Many developments in MHD time-dependent numerical models have been made in the last years. Zanni et al. (2007) were able to reproduce the disk-wind lauching mechanism and jet formation from a magnetized accretion disk with a resistive MHD axisymmetric model showing the system evolution over tens of rotation periods. They were able to find a configuration in which a slowly evolving outflow leaving the inner part of the accretion ring (from  ~ 0.1 to  ~ 1 AU) was formed, when using a high disk magnetic resistivity. Murphy et al. (2010) showed that it was possible to form a steady disk wind followed by a self-contained super-fast-magnetosonic jet using a weakly magnetized accretion disk. Their numerical solution remained steady for almost a thousand Keplerian orbits. Both models help to strengthen the disk wind scenario. Romanova et al. (2009), however, showed that it is also possible to numerically simulate the launching of a thin conical wind, which is similar in some respects to an X-wind, considering only an axisymmetric stellar dipolar magnetic field around a slowly rotating star. A fast axial jet component also appears in the case of a fast rotating star. Their conical wind also shows some degree of collimation, but, as stated by Romanova et al. (2009), this collimation may not be enough to explain the observed well-collimated jets.

Radiative transfer models were used to calculate some of the line profiles that were observed in CTTS. The first of these models that used the MA paradigm, hereafter the HHC model, was proposed by Hartmann et al. (1994), and was based on a simple axisymmetric dipolar geometry for the accretion flow, using a two-level atom approximation under the Sobolev “resonant co-moving surfaces” approximation (SA). The model was later improved by the addition of the full statistical equilibrium equations in the code (Muzerolle et al. 1998), and finally including an exact integration of the line profile (Muzerolle et al. 2001). These models included only the magnetospheric and photospheric components of the radiation field and were partially successful in reproducing the observed line strengths and morphologies for some of the Balmer lines and Na D lines. In these models, the stellar photosphere and the inner part of the accretion disk partially occult the inflowing gas, and these occultations create an asymmetric blue-ward or red-ward emission peak, depending on the angle between the system symmetry axis, and the observer’s line of sight. The inflowing gas projected against hot spots on the stellar surface produces the IPC profiles that are sometimes observed.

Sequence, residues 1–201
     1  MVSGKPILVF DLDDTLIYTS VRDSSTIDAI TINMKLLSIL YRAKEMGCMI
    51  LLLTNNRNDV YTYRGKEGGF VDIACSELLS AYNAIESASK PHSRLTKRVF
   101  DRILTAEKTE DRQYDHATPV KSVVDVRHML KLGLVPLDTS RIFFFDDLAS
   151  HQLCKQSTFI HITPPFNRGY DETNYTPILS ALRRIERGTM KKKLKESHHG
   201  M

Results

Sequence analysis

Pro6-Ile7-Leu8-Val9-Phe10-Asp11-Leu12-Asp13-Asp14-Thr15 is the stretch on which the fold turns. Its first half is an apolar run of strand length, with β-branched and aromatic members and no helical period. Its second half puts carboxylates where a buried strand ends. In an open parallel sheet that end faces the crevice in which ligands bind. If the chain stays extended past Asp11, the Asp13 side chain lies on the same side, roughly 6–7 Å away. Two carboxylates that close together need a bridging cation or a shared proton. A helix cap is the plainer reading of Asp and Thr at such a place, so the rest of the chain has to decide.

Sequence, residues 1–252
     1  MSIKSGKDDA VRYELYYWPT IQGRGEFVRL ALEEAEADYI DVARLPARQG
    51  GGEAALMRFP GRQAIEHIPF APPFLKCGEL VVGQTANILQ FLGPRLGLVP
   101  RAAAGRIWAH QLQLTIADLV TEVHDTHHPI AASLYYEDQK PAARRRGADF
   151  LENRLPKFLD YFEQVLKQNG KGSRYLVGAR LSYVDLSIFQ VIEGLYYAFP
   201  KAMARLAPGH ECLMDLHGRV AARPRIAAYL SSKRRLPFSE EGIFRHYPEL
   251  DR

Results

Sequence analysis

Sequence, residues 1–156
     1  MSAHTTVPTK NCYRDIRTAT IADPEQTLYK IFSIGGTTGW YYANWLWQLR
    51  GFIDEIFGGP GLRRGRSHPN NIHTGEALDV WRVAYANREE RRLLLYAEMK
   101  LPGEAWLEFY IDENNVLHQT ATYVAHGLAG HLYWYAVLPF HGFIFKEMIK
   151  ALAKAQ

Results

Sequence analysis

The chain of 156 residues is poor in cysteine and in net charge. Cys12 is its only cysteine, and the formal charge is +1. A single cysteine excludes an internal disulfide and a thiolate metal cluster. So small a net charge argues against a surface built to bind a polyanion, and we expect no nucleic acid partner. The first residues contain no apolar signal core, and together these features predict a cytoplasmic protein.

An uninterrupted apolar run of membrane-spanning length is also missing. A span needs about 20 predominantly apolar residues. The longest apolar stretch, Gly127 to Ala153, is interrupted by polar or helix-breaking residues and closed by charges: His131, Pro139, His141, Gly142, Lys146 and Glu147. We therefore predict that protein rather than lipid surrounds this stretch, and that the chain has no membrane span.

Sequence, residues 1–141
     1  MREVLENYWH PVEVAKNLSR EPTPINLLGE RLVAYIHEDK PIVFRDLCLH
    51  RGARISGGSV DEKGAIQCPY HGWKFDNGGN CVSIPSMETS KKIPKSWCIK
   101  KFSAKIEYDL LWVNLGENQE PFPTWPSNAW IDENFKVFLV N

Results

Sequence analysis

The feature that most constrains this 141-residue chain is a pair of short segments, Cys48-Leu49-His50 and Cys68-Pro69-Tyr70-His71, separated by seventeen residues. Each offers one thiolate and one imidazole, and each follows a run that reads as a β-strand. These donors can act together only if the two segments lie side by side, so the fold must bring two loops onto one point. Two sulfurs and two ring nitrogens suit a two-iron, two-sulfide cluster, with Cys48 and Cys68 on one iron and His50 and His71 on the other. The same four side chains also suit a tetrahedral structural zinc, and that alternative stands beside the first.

Alencar et al. (2005) demonstrated that the observed Hα, Hβ, and Na D lines of RW Aur are better reproduced if a disk wind component arising from the inner rim of the accretion disk was added to these radiative transfer models, and it became clear that for more accurate predictions, these models should include that component. Kurosawa et al. (2006, henceforth KHS), were the first to use a self-consistent model where all these components were included, and could reproduce the wide variety of the observed Hα line profiles. Still, their cold MHD disk wind component used straight field lines, and some of which violate the launching conditions required by BP, which state that for an outflow to appear, its launching angle should be  > 30° away from the rotational axis of the system. Those infringing field lines in the KHS model were always the innermost ones, which, as we will show here, are responsible for the bulk of the Hα line profiles in the disk wind region.

The BP launching condition assumes a cold MHD flow, which is not always the case. In a more general situation, the thermal pressure term becomes important near the base of the outflow, and should not be neglected during the initial acceleration process, and thus it is possible to have a stable steady solution even if the launching angle exceeds 30°. The BP self-similar solution, although it is a very simple one, is able to describe mathematically and self-consistently the disk-wind launching mechanism and the further collimation of the disk wind to a jet by magnetic “hoop” stress. The self-similarity hypothesis becomes increasingly artificial farther away from the accretion disk, in the region where the jet is formed, but it remains valid near the accretion disk, where our calculations were performed.

In this work, we have included a disk wind component in the HHC model, using a modified version of the BP formulation. We then studied the parameter space of the improved model, while trying to identify how each parameter affected the calculated Hα profiles. In Sects. 2 and 3 we present the magnetospheric accretion, the disk wind and the radiative transfer models that were used as well as all the assumptions made to calculate our profiles. The model results are shown in Sect. 4, followed by a discussion in Sect. 5 and the conclusion in Sect. 6. A subsequent paper will focus on the modeling of the observed Hα lines for a set of classical T Tauri stars that exhibit different accretion and environmental characteristics.